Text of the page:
Melissa Willrich Siebert Elected as Next Vice President-Elect of Entomological Society of America

Annapolis, MD; August 30, 2023—Melissa Willrich Siebert, Ph.D., development leader for insecticides at Corteva Agriscience, has been elected by members of the Entomological Society of America as the organization's next Vice President-Elect.

She will begin her term as VP-Elect at the conclusion of Entomology 2023, November 5-8, in National Harbor, Maryland. She will then serve as ESA Vice President beginning in November 2024, President beginning in November 2025, and Past President beginning in November 2026.

ESA members also elected three other entomologists to begin or continue positions on the ESA Governing Board:

  • Mary Gardiner, Ph.D., Ohio State University, North Central Branch Representative (newly elected)
  • Richard Mankin, Ph.D., USDA-ARS Center for Medical, Agricultural, and Veterinary Entomology, Physiology, Biochemistry, & Toxicology Section Representative (re-elected)
  • Andrew Short, Ph.D., University of Florida, Systematics, Evolution, & Biodiversity Section Representative (re-elected)

Siebert's election means she will vacate her current position as the ESA Plant-Insect Ecosystems (P-IE) Section representative to the Governing Board. The P-IE Section Governing Council leadership has appointed Rob Morrison, Ph.D., of the USDA-ARS Center for Grain and Animal Health Research, to serve as the P-IE Section representative to the Governing Board for the remaining one year on Siebert's term, ending in November 2024.

ESA members also voted on several other volunteer positions within the Society and ESA Sections and Branches, as well as Honorary Members:

For more information on the entomologists elected to the ESA Governing Board, see below:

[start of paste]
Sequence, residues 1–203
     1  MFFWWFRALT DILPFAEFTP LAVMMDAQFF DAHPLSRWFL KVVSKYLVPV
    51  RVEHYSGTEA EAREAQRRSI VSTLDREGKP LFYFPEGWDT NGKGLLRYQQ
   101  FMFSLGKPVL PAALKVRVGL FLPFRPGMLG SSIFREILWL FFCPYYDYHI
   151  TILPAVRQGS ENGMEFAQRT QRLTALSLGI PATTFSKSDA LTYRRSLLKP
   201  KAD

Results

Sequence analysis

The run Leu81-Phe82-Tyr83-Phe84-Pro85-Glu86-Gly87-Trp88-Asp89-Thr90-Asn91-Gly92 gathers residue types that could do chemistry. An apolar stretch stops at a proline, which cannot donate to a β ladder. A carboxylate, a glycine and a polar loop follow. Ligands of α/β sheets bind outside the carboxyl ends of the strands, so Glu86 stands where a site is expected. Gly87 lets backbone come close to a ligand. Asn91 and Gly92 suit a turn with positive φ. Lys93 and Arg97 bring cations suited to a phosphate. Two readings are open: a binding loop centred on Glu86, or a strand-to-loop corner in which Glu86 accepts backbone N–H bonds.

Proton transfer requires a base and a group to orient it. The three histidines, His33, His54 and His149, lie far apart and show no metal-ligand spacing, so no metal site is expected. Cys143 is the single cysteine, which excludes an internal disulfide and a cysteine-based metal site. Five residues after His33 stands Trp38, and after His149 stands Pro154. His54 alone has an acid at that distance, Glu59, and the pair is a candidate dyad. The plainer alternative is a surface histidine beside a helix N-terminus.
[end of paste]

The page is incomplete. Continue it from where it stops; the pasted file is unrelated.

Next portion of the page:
ESA Vice President-Elect

Melissa Willrich Siebert Melissa Willrich Siebert
Corteva Agriscience

Bio: Melissa Willrich Siebert, Ph.D., is development leader for insecticides at Corteva Agriscience. She earned degrees from Texas A&M University (B.S.) and Louisiana State University (M.S. and Ph.D.) in entomology. Since 2004, Melissa has provided leadership for the development of insecticide and trait technologies, including Isoclast, spinosyns, pyraxalt, Widestrike cotton, and SmartStax corn. Her impacts have ranged from serving as an independent biology research contributor, leading teams as a project manager toward product launches, and leading a global team of project managers and discovery biologists to organizational design to meet scientific and operational excellence. Melissa received the ESA P-IE Section Recognition Award in Entomology in 2020 and has been an ESA member for 24 years.

Past ESA activity or other volunteer service: Melissa is a consistent volunteer leader. She served as 2017 P-IE President, guiding the influential "Science Policy Field Tour on Pollinator Health" and catalyzing four more tours. She previously served as chair, ESA Publications Council; subject editor, Journal Integrated Pest Management; P-IE secretary; and president, Mississippi Entomolgical Association. As Governing Board Representative, she served the Ethics & Rules Committee, modernizing and advancing Society policy; served on a team to clarify and simplify the Fellows nomination process; chaired the Leadership Development Committee, a notable impact being webinars executed to increase volunteer leaders; and currently serves on the Awards & Honors Committee. Melissa has served as associate editor, Journal of Cotton Science. She currently chairs a global IRAC working group.

Candidate statement: As a volunteer leader, I have recognized the power of ESA members in shaping the strategy and overall success our Society enjoys today—core strengths exemplified in meeting execution, publications, members, science policy. Furthermore, I believe ESA has a key role, as an organizational platform and through its talented membership, for addressing entomology-related issues and grand challenges in science. As such, I am passionate about our Society continually assessing and responding to member needs as our science changes, ensuring that we have a strong culture of inclusiveness where all current and future member talents are welcomed and embraced, and invigorating a strong opportunity for volunteer leadership.